4. Improvements in Balance and Coordination – If patients participate in preventive physical therapy, they will experience improvements in their balance and their coordination. This is a great benefit for older adults and adults that have a neurological condition.
  5. Management of Chronic Conditions – Patients that have conditions like arthritis and multiple sclerosis can benefit from preventive physical therapy because this type of physical therapy helps to reduce and manage symptoms while providing a boost to the overall quality of life.

Should Patients with No Pain Take Preventive Physical Therapy?

For those who are active and wish to remain active, preventive physical therapy is highly advantageous. So, yes, if a patient has no pain, they should still consider signing up for preventive physical therapy.

When is Preventive Physical Therapy Helpful?

Preventive physical therapy is helpful for those individuals that want to manager their health and physical health complications. Examples are as follows:

  1. Helps in Rigorous Workouts.
  2. Identifies Problems That May be Developing in the Body
  3. Helps to Develop Personalized exercise Routines
  4. Provides Safe Assistance for New Types of Physical Activity
  5. Prevents Certain Health Issues from Developing

Do Patients Feel as if Preventive Physical Therapy is Worth it?

Patients do feel as if preventive physical therapy is worth it, but there are some downsides. The tops one being the need to attend appointments, experiencing increased pain and fatigue from the exercises introduced during the sessions, and the expense associated with the sessions – this is especially true for those that do not have insurance.

If patients have had standard physical therapy in the past, preventative physical therapy is not a must. One may simply follow the orders from the original therapist to avoid injuries and other problems from developing.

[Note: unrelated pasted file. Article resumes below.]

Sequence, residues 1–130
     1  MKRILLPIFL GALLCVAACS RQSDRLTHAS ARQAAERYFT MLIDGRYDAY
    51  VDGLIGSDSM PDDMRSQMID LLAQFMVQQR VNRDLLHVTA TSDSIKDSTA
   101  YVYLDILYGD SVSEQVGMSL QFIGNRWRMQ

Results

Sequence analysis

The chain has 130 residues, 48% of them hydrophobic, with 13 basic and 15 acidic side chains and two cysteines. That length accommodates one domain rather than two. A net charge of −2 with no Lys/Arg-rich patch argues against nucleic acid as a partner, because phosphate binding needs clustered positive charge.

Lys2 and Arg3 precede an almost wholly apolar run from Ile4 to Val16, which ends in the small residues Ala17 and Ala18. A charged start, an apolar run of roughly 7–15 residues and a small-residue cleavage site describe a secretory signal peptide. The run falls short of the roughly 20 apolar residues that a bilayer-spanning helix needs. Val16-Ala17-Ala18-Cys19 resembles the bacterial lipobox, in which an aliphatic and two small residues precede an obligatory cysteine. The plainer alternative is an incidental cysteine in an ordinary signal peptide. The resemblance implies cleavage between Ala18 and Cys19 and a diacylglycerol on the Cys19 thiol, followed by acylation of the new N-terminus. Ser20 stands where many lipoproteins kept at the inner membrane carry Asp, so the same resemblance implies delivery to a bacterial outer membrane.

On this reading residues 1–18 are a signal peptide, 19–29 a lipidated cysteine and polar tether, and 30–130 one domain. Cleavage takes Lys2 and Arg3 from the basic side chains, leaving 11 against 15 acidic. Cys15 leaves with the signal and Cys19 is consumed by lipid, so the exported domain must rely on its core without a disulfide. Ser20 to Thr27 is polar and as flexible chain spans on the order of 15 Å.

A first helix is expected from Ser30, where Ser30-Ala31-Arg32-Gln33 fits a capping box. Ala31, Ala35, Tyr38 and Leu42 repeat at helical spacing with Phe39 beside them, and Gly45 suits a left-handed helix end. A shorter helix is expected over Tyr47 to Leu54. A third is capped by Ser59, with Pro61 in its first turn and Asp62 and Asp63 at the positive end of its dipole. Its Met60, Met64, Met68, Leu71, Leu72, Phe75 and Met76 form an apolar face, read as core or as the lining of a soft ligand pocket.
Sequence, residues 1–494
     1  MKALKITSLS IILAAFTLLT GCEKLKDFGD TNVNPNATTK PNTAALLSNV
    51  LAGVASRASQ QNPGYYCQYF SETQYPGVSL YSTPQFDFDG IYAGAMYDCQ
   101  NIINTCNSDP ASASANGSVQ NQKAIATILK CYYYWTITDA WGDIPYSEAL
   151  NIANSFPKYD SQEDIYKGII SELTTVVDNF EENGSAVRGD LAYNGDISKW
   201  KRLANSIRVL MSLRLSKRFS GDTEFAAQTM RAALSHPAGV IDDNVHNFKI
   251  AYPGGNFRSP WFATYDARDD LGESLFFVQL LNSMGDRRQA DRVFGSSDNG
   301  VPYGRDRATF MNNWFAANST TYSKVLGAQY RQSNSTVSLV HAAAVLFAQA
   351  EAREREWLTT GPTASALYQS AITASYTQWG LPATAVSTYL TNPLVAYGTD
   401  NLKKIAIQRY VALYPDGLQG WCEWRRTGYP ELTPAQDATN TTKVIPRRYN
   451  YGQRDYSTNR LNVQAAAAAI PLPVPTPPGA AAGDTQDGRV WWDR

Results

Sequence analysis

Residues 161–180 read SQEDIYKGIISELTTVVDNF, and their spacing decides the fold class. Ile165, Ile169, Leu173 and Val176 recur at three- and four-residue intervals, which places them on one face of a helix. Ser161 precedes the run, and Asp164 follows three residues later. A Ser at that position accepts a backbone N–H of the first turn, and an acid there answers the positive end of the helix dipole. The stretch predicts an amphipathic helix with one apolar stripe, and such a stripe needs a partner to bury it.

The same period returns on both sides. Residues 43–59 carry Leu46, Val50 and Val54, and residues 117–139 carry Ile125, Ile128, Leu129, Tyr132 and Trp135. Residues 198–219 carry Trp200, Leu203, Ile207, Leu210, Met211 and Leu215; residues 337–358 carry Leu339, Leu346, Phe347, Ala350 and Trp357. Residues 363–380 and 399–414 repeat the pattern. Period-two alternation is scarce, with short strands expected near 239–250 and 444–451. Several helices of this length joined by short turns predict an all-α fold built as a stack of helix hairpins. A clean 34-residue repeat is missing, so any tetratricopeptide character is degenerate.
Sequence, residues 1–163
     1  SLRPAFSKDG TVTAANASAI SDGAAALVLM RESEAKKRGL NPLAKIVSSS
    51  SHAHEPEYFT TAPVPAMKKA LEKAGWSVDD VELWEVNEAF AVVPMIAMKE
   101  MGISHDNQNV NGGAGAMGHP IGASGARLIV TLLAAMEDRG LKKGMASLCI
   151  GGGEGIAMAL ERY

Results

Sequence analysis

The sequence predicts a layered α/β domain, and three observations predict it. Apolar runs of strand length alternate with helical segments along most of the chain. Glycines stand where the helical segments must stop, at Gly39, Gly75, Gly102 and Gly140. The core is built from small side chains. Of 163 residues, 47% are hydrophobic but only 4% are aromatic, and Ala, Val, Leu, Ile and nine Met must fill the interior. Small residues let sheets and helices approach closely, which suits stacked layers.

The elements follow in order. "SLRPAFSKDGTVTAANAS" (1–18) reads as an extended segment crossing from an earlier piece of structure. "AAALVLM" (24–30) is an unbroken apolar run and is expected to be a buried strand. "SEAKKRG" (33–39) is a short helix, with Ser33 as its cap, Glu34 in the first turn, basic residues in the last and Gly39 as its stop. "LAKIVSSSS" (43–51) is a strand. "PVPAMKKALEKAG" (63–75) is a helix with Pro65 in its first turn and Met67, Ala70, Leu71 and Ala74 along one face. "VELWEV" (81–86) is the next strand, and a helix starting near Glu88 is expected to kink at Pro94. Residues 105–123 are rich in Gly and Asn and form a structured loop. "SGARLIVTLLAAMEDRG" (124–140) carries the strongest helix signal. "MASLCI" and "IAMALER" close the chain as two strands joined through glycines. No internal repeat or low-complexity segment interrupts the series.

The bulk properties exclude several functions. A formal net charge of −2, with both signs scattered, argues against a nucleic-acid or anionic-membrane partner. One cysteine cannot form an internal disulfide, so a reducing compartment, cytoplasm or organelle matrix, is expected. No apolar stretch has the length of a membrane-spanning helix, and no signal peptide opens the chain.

How Do I Become a Preventative Physical Therapist?

To become a preventative physical therapist, you simply have to become a physical therapist and place a focus on studying preventative medicine. The following steps are advised:

  1. Earn Your Degree in Physical Therapy
  2. Apply for a License with the Board of Physical Therapy in Your State
  3. Pass the Required Examinations
  4. Renew License as Necessary
  5. Study Preventative Medicine

What is the Occupational Outlook for Preventative Physical Therapists?

In 2023, the median pay for Preventative Physical Therapists was $47.94 an hour and $99,710 a year. The position is growing at a rate of 15%. This is a promising field for professionals that have a desire to help patient that are injured or ill to improve their movement level and manage pain. Preventative physical therapists work in many settings include hospitals, offices, clinic, the homes of their patients, nursing homes, and similar locations. Most of the work time is spent on the feet and working in an active manner with their patients.

What Are the Basic Responsibilities of Preventative Physical Therapists?

There are many basic responsibilities associated with preventative physical therapists. These include the following:

  1. They review the medical history of each patient that they work with and review the referrals and notes of other medical professionals